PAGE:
and privileges that promote relocation abroad of factories and jobs and the privatization and deregulation of essential services,
such as water, energy and health care.
Remarkably, many of NAFTA’s most passionate boosters in
Congress and among economists never read the agreement. They made their pie-in-the-sky promises of NAFTA benefits based on
trade theory and ideological prejudice for anything with the term “free trade” attached to it. Now, ten years
later, the time for conjecture and promises is over: the data are in and they clearly show the damage NAFTA has wrought for
millions of people in the U.S., Mexico
and Canada. Thankfully, the failed NAFTA model - a watered
down version of which is also contained in the World Trade Organization (WTO) - is merely one among many options. Throughout the world, people suffering with the consequences
of this disastrous experiment are organizing to demand the better world we know is possible. But, we face a race against time.
The same interests who got us into NAFTA are now pushing to expand it and lock in 31 more countries in Latin American and
the Caribbean through the proposed Free Trade Area of the Americas (FTAA) and five Central American countries through a Central American Free Trade Agreement (CAFTA).
Free Trade Area of the Americas at www.citizen.org/trade/ftaa/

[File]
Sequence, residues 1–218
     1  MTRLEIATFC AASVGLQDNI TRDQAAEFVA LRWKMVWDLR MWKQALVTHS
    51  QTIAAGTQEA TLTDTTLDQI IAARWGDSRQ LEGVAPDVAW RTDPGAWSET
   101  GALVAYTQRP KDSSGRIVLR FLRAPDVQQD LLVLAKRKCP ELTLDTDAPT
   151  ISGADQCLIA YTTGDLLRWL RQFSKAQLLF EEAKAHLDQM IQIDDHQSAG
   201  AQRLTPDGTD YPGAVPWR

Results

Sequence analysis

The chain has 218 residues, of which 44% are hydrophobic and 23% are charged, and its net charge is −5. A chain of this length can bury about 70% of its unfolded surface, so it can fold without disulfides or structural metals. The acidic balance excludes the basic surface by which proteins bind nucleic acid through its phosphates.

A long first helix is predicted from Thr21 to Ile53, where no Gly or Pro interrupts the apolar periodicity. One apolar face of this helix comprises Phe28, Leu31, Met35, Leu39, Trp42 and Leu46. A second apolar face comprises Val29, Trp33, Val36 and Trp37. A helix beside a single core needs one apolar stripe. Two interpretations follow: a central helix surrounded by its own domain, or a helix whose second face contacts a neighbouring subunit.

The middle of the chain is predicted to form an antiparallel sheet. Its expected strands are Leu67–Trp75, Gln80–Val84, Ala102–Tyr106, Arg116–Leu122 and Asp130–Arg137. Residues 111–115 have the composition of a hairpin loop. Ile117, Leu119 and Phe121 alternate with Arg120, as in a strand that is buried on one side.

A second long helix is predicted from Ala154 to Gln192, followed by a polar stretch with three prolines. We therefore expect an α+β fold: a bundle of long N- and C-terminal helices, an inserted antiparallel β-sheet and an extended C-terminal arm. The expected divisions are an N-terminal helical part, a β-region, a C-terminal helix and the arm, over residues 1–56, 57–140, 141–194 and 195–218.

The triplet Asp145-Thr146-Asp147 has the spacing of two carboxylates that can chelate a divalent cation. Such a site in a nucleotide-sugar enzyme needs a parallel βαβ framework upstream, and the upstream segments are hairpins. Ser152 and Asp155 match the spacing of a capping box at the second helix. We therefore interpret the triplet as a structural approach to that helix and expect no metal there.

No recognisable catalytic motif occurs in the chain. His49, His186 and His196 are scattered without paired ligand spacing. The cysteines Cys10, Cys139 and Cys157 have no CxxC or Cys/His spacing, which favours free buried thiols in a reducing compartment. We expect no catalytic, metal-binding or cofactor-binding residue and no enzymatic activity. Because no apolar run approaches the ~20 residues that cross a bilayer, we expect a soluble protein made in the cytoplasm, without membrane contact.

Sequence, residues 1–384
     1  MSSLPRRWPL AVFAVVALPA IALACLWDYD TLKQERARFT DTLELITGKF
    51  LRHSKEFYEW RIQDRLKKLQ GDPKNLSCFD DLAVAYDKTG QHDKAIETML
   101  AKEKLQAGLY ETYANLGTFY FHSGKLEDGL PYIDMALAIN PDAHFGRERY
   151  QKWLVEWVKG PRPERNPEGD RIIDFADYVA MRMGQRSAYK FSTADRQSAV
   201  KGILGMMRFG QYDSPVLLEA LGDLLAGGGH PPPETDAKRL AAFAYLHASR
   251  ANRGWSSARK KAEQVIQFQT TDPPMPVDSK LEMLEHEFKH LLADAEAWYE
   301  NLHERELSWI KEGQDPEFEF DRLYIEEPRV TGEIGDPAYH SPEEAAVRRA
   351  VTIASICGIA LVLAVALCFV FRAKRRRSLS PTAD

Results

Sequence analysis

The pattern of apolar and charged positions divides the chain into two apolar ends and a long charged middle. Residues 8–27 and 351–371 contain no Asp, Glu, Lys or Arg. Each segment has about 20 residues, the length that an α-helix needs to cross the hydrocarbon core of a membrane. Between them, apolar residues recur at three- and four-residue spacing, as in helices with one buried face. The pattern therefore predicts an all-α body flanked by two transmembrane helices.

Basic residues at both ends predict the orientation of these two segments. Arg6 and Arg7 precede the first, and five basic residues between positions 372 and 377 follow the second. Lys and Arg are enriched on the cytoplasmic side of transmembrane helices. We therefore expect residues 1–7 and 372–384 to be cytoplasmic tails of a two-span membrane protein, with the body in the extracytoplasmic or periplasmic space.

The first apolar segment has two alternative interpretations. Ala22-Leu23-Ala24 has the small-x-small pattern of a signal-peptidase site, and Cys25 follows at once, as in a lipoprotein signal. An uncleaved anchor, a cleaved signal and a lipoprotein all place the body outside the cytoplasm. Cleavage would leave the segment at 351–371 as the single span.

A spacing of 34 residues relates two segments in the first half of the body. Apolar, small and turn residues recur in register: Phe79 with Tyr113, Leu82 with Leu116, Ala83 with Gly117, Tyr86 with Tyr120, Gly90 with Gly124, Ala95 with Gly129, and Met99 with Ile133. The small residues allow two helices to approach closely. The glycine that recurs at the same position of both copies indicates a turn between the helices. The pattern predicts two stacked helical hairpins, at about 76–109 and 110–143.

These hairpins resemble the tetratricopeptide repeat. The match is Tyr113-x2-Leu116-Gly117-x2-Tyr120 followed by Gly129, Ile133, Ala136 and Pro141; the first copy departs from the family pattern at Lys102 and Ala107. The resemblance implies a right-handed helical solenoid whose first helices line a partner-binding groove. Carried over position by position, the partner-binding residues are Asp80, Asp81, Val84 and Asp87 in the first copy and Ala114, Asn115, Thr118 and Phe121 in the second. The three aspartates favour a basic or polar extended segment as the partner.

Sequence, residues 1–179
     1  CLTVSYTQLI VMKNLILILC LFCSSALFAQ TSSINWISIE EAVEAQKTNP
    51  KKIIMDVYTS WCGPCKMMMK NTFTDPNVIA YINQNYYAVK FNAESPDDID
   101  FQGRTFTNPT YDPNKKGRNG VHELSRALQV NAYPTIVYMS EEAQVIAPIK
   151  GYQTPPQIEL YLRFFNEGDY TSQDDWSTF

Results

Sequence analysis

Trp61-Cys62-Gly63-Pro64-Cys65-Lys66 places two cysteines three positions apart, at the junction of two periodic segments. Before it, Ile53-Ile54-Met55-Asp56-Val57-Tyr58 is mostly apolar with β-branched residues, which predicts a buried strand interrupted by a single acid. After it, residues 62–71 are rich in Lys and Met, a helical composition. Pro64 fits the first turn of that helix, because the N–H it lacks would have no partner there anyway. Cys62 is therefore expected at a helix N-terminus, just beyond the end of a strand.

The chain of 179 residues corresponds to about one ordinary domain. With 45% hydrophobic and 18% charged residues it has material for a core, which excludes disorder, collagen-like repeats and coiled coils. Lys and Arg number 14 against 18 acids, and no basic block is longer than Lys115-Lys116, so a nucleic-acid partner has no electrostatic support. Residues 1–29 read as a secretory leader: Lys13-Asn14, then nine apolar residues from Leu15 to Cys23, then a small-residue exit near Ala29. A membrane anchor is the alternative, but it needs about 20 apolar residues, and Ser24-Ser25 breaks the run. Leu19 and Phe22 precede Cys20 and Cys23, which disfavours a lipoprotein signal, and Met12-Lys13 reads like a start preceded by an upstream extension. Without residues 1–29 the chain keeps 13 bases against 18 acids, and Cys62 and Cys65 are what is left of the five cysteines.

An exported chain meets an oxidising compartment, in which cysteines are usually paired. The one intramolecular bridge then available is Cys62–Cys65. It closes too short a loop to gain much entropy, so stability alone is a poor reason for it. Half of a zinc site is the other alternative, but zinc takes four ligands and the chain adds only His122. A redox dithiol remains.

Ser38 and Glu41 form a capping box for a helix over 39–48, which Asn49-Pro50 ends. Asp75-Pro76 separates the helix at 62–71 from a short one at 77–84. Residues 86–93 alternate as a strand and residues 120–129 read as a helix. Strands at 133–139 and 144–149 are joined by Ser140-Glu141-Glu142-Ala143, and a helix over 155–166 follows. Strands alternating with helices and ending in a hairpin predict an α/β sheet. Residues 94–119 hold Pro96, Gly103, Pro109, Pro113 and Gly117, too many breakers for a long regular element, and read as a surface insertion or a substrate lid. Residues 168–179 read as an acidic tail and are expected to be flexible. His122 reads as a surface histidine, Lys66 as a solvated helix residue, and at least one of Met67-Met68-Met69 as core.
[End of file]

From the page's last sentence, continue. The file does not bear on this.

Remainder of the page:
The Free Trade Area of the Americas (FTAA), currently being
negotiated by 34 countries of the Americas, is intended to
be the most far-reaching trade agreement in history. Although it is based on the model of the North American Free Trade Agreement (NAFTA), it goes far beyond NAFTA in its scope and power. The FTAA, as it now stands, would introduce
into the Western Hemisphere all the disciplines of the proposed services agreement of the World Trade Organization (WTO) - the General Agreement on Trade in Services (GATS) - with the powers of the failed Multilateral Agreement on Investment (MAI), to create a new trade powerhouse with sweeping new authority over every aspect of life in
Canada and the Americas.
CAFTA: Part of the FTAA
Puzzle at www.citizen.org/trade/cafta/
The Central America Free Trade Agreement (CAFTA) is an expansion
of NAFTA to five Central American nations (Guatemala, El
Salvador, Honduras, Costa
Rica and Nicaragua), and
the Dominican Republic. It was signed May 28, 2004, and passed through the U.S. House of Representatives by one vote in the middle of the night by the U.S. Congress on July 27, 2005. El Salvador,
Guatemala, Nicaragua, Honduras,
and the Dominican Republic have also approved the agreement. Costa
Rica has yet to vote on the agreement.
CAFTA is a piece in the FTAA jigsaw puzzle, and is based on the same failed neoliberal NAFTA model, which has caused the "race to the bottom" in labor and environmental standards
and promotes privatization and deregulation of key public services.
Due to strong resistance by several of the CAFTA countries’
parliaments who, when confronted by the reality of having to make the far-reaching changes to public health and other domestic
laws required by the agreement are reluctant to actually implement the deal, the Bush administration was forced to delay the
planned Jan. 1, 2006 implementation.